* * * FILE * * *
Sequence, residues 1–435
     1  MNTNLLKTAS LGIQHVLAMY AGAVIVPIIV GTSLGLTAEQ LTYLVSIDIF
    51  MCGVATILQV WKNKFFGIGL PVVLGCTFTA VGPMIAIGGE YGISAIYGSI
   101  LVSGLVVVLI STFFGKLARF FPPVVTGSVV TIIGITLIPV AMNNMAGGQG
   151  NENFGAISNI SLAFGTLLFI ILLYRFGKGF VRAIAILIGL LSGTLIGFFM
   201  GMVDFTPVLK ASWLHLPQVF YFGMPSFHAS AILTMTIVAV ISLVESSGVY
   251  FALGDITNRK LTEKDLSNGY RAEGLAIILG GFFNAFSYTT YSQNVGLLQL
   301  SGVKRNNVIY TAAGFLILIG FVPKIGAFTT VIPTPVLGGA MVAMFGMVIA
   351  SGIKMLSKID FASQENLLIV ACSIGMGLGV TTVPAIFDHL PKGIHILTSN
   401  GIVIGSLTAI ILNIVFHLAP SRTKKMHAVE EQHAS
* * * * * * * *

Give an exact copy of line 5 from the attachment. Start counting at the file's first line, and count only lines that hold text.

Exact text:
   151  NENFGAISNI SLAFGTLLFI ILLYRFGKGF VRAIAILIGL LSGTLIGFFM